Borders, Borderlands, and Border Thinking in Latin America
A Stony Brook University Latin American and Caribbean Studies Center graduate student conference, co-hosted with Columbia University
April 22, 2017, Frank Tannenbaum Room, Columbia University, NYC
Call for Papers
The study of borderlands has grown far beyond its roots in the Turnerian frontier approach. Bolton’s counterpoint of the Latin American borderlands has gone in many directions and some scholars have worked to tame the borderlands field by pinning down temporal and conceptual definitions and distinctions. The field, if it can be defined as such, has grown to include economic and ecological dynamics, social and familial networks, international security, and social, linguistic, and cultural frontiers. Spaces of fluidity, cultural hybridity, and contestation of power have characterized colonial and postcolonial borderland studies.
Nevertheless, the study of borderlands still struggles to move forward on the common vocabulary, concepts, and analytical tools needed to comprehend dynamics in regions where multiple communities come into overlapping contact and where borders of all sorts divide, unite, and create. At the Stony Brook University Latin American and Caribbean Studies Center we question if the emphasis on borderland space has hindered conversation between those working on what can be seen as spiritual and cultural borderlands of modernity. Furthermore, we believe that academic conversations on epistemic borderlands and border thinking have not been sufficiently incorporated in empirical borderland analyses.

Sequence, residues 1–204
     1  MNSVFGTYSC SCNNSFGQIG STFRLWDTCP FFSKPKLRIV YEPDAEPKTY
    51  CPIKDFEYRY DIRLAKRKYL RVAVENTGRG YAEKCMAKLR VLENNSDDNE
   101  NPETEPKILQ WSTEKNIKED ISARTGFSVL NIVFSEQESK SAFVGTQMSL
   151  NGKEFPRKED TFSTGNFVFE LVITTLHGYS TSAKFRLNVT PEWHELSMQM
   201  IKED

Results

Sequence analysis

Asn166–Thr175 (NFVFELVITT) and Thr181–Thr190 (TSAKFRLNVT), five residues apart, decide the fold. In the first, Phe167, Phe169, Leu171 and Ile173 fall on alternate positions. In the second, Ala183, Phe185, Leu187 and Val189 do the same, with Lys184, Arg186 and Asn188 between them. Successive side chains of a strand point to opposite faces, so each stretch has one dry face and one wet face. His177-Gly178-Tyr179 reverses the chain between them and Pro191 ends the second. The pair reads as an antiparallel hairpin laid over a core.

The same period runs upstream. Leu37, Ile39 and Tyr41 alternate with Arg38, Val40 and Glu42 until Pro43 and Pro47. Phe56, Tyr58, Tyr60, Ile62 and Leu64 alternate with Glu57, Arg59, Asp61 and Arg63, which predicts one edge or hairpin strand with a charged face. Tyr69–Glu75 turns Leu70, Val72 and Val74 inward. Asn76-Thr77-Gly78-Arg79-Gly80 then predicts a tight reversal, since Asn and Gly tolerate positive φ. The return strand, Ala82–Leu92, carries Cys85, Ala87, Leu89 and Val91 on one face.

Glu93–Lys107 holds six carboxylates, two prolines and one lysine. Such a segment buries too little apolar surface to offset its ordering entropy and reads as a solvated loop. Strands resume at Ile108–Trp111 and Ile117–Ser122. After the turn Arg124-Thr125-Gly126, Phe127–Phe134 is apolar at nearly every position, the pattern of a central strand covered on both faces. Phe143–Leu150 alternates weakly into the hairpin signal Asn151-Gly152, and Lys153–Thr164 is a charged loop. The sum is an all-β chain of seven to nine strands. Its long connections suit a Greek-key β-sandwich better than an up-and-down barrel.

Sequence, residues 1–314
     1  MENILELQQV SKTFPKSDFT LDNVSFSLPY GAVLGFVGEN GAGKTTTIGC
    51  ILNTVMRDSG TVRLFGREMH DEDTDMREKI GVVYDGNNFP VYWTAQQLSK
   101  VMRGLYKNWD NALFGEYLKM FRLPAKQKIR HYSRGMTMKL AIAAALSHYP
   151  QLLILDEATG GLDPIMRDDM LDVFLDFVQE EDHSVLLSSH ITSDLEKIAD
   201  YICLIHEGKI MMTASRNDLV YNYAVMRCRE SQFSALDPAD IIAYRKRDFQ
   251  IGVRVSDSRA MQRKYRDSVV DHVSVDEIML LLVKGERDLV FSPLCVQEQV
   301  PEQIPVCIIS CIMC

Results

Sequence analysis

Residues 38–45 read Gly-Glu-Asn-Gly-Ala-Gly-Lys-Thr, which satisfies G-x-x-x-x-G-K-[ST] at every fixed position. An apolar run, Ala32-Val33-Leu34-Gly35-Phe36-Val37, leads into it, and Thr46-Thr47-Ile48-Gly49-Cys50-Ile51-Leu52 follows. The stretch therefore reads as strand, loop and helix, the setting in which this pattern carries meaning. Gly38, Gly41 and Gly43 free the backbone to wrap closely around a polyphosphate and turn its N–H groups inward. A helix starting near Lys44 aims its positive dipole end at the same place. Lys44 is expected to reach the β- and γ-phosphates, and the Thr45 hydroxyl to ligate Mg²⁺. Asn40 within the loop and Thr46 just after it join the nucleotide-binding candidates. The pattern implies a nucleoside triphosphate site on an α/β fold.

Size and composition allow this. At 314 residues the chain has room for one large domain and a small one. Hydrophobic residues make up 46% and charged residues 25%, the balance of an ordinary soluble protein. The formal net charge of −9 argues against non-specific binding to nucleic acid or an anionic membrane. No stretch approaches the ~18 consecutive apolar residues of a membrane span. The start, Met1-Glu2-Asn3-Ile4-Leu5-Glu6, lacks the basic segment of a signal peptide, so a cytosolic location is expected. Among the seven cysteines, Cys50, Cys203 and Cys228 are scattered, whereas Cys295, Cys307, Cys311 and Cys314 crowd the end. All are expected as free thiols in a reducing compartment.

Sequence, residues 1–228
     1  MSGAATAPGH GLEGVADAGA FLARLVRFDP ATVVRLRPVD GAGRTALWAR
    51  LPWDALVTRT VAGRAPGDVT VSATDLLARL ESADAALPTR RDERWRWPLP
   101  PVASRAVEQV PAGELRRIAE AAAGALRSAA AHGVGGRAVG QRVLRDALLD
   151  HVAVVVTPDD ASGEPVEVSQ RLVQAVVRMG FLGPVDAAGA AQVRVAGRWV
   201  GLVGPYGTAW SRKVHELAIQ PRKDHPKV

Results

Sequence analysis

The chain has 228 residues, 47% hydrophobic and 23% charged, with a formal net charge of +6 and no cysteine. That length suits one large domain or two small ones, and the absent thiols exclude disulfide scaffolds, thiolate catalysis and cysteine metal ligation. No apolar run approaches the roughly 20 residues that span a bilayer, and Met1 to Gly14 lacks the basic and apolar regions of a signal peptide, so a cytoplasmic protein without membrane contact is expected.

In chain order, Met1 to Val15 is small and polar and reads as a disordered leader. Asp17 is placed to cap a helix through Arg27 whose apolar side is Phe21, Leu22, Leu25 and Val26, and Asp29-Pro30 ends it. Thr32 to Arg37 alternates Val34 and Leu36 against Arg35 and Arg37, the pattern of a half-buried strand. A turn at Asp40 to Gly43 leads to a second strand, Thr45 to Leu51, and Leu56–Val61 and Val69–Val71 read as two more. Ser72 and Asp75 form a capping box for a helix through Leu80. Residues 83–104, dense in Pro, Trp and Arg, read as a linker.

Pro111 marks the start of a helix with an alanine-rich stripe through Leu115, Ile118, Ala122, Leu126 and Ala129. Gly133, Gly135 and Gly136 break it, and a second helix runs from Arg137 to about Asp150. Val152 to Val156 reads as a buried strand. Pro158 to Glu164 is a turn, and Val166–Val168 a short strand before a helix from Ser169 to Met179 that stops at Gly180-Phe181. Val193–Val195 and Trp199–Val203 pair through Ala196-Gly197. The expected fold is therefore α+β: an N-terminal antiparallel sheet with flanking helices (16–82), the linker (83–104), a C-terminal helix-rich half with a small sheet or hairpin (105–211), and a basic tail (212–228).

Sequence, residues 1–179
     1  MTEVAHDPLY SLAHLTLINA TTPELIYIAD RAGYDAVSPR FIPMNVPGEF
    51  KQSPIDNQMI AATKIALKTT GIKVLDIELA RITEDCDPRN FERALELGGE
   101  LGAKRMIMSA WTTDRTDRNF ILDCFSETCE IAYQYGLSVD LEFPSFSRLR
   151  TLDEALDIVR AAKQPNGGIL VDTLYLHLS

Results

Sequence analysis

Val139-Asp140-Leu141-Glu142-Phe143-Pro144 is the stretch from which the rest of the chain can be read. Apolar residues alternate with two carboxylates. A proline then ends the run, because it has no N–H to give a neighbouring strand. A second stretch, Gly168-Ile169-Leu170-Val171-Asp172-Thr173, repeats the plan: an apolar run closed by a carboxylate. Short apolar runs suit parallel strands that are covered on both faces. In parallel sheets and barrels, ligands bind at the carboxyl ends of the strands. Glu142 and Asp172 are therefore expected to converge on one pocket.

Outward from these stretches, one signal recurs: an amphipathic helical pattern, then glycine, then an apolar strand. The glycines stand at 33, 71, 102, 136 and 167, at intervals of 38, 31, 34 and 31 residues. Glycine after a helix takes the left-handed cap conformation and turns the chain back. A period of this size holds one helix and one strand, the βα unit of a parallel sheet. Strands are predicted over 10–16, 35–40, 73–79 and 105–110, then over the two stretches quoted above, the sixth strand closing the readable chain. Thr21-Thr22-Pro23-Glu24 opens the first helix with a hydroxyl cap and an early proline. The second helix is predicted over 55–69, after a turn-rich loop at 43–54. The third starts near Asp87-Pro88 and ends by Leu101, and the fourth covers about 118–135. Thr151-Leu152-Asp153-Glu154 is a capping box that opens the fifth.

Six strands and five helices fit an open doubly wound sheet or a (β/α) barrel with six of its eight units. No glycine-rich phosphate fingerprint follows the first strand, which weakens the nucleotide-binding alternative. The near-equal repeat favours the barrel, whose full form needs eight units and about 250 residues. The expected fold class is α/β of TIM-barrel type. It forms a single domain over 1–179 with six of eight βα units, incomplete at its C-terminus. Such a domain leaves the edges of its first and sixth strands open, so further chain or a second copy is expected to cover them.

Seeking to discuss these and other questions we launch this call for papers for the 16th Annual Stony Brook University Latin American and Caribbean Studies Center Graduate Student Conference. The Borders, Borderlands, and Border Thinking in Latin America conference aims to broaden both the theoretical and empirical scope of borderlands studies in colonial and postcolonial Latin America. Because she is a leading scholar in Latin American borderlands, whose work spans from the colonial to the republican eras and from northern Mexico to the southern Amazon, we are honored to have Cynthia Radding as our keynote speaker.
Among the questions we hope conference papers will address are:
- What analytical lenses (race, gender, ideology, etc) can point us in fruitful directions for a more inclusive borderland approach?
- Does broadening the concept of “borderland” (beyond a geographical scope) weaken its effectiveness? In what ways can borderlands be conceived beyond borderland spaces?
- How have subalterns and racial “others” been represented in borderland regions? How has this representation impacted these “others” and the wider borderland society they live in? How can we move beyond seeing these subalterns as “others” toward conceptualizing them as central actors in borderland regions?
- What mechanisms have colonial and postcolonial states used to incorporate borderland regions into centers of power? How and why have these been successful or unsuccessful?
We welcome proposals, abstracts, or papers. Please send these, and a short CV, to: Matthew Ford (firstname.lastname@example.org) and/or Zinnia Capó (email@example.com) by March 10th, 2017.
Contact us if you need further information, or visit our website http://www.stonybrook.edu/commcms/lacc/index.html or “like” the Stony Brook University Latin American & Caribbean Studies Center on Facebook.